Professionalism News and Events

In a four-part series in Contingencies, Academy President Tom Wildsmith examines the infrastructure of actuarial professionalism and how the Academy is instrumental in supporting that infrastructure and the U.S. actuarial profession. Wildsmith terms this infrastructure a “web of professionalism,” and the series explores how the Academy developed these foundational documents and bodies to provide the professionalism framework for the profession:
  1. The Code of Professional Conduct binds Academy members to the highest standards of conduct, recognizing that all members have a moral responsibility to all the many people who may depend on their work.
  2. The U.S. Qualification Standards provide actuaries with the guidance needed to meet the ethical obligation to practice competently and responsibly.
  3. Through the Actuarial Standards Board, the Academy has promulgated 50 actuarial standards of practice covering all areas of actuarial practice.
  4. Through the Actuarial Board for Counseling and Discipline, the Academy provides the basic disciplinary framework for the profession.
“The Academy was founded so that the U.S. actuarial profession could earn the public’s trust,” Wildsmith writes. “Our primary mission is to ensure that U.S. actuaries—both individually and collectively—provide the public with the professionalism it deserves.”

The series was redesigned as a standalone publication. Read it here.  (April 27, 2017)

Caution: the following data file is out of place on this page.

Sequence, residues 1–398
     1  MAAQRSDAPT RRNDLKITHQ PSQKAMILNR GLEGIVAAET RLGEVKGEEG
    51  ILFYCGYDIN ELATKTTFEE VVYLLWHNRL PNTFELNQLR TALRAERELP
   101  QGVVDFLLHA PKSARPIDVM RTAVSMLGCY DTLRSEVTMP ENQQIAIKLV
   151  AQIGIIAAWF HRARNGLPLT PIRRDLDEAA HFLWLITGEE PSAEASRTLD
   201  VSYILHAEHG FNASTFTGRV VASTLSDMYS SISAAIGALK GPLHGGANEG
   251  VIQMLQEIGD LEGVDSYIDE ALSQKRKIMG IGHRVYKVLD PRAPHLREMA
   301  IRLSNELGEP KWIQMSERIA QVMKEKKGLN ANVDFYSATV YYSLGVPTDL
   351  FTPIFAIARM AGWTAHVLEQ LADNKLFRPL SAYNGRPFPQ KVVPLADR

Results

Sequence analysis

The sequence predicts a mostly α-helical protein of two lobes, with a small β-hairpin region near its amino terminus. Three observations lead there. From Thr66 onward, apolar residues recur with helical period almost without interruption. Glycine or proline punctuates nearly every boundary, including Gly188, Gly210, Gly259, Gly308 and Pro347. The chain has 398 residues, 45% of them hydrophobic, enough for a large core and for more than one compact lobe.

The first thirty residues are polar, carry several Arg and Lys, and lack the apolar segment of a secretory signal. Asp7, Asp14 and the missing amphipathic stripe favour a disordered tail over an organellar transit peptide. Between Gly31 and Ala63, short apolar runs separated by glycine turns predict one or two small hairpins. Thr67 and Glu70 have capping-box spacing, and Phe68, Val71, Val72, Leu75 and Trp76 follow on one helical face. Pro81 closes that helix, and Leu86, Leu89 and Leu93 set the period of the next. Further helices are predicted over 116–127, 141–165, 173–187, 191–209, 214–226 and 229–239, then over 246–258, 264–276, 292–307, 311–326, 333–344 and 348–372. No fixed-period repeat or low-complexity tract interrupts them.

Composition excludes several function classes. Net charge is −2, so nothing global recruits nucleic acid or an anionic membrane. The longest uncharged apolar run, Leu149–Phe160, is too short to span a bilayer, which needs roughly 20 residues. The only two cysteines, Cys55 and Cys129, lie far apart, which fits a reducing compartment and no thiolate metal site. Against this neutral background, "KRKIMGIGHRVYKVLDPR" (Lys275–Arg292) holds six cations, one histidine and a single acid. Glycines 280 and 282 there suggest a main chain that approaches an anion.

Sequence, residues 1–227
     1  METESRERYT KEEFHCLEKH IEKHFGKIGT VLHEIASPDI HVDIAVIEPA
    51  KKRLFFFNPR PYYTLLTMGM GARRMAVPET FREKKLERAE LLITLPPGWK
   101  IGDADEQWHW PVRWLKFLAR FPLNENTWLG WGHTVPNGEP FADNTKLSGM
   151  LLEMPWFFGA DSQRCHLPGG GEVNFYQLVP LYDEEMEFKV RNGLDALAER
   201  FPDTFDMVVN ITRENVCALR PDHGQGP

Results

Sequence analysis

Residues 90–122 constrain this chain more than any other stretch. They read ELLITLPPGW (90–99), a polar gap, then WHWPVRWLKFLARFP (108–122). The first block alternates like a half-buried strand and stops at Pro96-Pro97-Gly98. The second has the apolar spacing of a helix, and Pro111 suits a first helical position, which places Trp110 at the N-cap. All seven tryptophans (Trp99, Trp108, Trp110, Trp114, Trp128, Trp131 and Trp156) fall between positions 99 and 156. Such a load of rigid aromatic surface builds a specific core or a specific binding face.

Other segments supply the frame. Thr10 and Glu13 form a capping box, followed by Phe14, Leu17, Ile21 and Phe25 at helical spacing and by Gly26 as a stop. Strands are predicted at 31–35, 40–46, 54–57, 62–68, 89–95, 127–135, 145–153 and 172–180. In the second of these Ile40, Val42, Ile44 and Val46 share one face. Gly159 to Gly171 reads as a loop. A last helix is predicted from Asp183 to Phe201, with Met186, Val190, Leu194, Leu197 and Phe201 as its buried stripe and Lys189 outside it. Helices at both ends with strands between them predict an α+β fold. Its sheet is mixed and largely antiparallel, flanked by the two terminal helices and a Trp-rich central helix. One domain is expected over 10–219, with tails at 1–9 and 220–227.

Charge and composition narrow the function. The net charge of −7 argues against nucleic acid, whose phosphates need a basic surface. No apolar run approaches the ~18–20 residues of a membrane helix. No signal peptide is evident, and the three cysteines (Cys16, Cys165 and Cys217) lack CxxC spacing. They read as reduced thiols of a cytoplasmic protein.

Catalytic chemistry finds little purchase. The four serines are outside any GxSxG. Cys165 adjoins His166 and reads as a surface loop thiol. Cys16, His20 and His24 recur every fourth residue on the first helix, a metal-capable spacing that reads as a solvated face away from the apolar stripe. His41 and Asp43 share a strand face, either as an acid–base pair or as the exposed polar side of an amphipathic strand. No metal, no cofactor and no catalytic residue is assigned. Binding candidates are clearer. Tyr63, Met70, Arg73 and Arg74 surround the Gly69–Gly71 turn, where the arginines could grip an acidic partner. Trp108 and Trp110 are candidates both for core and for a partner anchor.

It’s time once again to nominate a deserving colleague or respected mentor for one of the Academy’s prestigious annual awards, either for public service or for a lifetime of service to the actuarial profession and the Academy, as described below.
  • The Robert J. Myers Public Service Award honors an actuary who made an exceptional contribution to the common good, specifically through a single noteworthy public service achievement or a career devoted to public service.
     
  • The Jarvis Farley Service Award is a lifetime achievement award presented to an actuary whose volunteer efforts on behalf of the Academy have made significant contributions to the advancement of the profession through a lifetime of service.
     
  • The Outstanding Volunteerism Award honors Academy volunteers who have made a single, noteworthy volunteerism contribution in the past year.

The deadline for nominations is June 30, and the awards will be presented at the Academy’s Annual Meeting and Public Policy Forum Nov. 14–15 in Washington.
(April 25, 2017)
Actuarial Standards Board (ASB) Vice Chairperson Frank Todisco writes about Actuarial Standard of Practice (ASOP) No. 32, Social Insurance, which is currently undergoing revision. The ASB created a task force last year to examine ASOP No. 32—which does not fall into any one particular practice area—that met in January and plans to issue a summary of changes and a full exposure draft later this year. (March 31, 2017)